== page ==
The Coaching Mindset
What is a Coaching Mindset?
As coaches, we’re told that it’s important to have a coaching mindset. Being able to demonstrate this thought pattern is often a requirement of coaching certifications and is something we look for when reviewing applications for the Scrum Alliance Certified Team Coach (CTC) and Certified Enterprise Coach (CEC) certifications. As such, this is a main focus of our mentoring program here at Superheroes Academy. Now, the question remains, what does it mean to have a coaching mindset? Let’s explore this question together.
Characteristics of a Coaching Mindset
When it comes to developing a coaching mindset we often think about what we do as coaches. This includes listening, asking powerful questions, holding space and facilitating structured conversations. While doing is important, these are techniques we use in our coaching and are not who we are as coaches. Our mindset becomes visible in what we do and how we approach coaching situations, however, our mindset exists more in who we are as coaches.
Who Are You as a Coach?
Although all coaches are different and have a different style and approach to coaching, there are some character traits and attributes that good coaches have in common. Good coaches are:
- Emotionally Intelligent
- Popularized by Daniel Goleman in his book, “Emotional Intelligence: Why It Can Matter More Than IQ”, emotional intelligence (or EQ) involves growing oneself in four areas: self-awareness, self-management, social awareness and relationship management. This journey starts with self-awareness as an individual becomes more able to know and understand their thoughts before they act. Emotionally intelligent coaches possess a greater degree of empathy towards others, including their clients.
- “Be here, prepared to be nowhere else,” says Susan Scott in her book, “Fierce Conversations: Achieving Success at Work & in Life, One Conversation at a Time.”
- My favorite book when I was young was “Curious George” by H. A. Rey. Each story in the series started with the statement that, “This is George. He was a good little monkey and always very curious.” Good coaches possess a genuine curiosity and desire for continuous learning.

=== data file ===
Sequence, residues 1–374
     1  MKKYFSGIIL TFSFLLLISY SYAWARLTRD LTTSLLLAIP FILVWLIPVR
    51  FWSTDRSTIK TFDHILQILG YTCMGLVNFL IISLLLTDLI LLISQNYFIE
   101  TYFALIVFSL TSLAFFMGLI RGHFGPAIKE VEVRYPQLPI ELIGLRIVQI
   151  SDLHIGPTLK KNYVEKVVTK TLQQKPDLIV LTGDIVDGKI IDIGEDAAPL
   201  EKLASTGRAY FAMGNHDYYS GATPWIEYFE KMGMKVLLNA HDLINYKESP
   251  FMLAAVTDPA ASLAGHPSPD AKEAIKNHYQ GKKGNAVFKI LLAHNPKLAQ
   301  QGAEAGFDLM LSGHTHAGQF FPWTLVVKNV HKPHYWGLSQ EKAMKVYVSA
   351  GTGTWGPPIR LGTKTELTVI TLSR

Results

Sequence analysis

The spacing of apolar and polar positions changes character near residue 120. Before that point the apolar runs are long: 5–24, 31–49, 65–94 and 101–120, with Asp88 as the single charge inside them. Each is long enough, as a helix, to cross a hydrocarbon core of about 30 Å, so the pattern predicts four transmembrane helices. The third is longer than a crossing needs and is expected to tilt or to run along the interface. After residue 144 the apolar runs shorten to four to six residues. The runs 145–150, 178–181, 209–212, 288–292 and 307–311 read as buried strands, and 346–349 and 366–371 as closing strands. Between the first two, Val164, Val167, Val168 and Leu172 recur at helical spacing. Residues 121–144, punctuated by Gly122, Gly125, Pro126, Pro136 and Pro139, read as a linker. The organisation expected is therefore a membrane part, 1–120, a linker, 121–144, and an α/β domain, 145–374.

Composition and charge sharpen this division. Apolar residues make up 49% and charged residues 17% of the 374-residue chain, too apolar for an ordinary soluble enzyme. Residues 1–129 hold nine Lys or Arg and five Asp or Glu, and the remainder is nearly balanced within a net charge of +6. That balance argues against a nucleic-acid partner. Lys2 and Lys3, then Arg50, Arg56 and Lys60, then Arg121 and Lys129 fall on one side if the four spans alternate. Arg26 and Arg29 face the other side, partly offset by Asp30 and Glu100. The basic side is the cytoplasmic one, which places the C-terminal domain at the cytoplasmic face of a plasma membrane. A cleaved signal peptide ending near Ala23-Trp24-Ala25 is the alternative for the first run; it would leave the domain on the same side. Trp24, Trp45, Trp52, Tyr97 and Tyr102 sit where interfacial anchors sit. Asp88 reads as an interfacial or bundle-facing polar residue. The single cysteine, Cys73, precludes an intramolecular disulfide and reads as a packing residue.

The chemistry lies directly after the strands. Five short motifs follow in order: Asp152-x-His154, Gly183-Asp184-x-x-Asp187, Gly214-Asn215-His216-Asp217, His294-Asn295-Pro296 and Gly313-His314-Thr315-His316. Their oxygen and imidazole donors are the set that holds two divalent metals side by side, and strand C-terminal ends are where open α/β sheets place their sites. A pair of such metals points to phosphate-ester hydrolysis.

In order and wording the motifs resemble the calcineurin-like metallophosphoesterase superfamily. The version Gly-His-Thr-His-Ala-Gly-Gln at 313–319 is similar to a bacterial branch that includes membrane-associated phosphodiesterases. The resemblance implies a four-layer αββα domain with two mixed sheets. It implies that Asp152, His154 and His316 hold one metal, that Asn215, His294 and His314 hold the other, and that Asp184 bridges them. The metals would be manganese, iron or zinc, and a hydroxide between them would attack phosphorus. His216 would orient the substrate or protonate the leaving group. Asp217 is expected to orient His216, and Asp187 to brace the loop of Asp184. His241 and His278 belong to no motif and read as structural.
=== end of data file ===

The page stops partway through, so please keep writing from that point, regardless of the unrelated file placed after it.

- As people, coaches are not free from fear and doubt, however we overcome this for our client’s sake. As Nelson Mandela put it, “…courage is not the absence of fear, but the triumph over it.”
- Maintaining a neutral stance is a key to the coaching relationship. Our role is not to judge, but rather to work with the client to discover new possibilities and help them reach their full potential.
- Good coaches hold their clients accountable for the plans and decisions they make. Coaches also maintain their own accountability for the process of coaching and upholding many of the mindsets discussed above.
- In the recent book, “The Founder’s Mentality: How to Overcome the Predictable Crises of Growth” one of the main attributes described by Chris Zook and James Allen as critical for success is having a “bias toward action.” Coaches should have this disposition too. Coaching conversations are not meandering Sunday drives in the wilderness, but rather a trip intentionally guided towards a destination, which leads to focused action on behalf of the client.
- Sold on their client’s abilities
- Our belief as coaches is that our clients have all they need to succeed – they just may not realize this yet. Coaches help their clients discover what they already know and have a firm belief in their ability to reach their potential, even when the client waivers. As a coach, “my certainty is greater than your doubt.” – Susan Johnston (Coach Skills for the Agile Workplace training course, Calgary March 2016).
Who are you as a coach? Which parts of the coaching mindset resonate with you the most? Leave your comments below.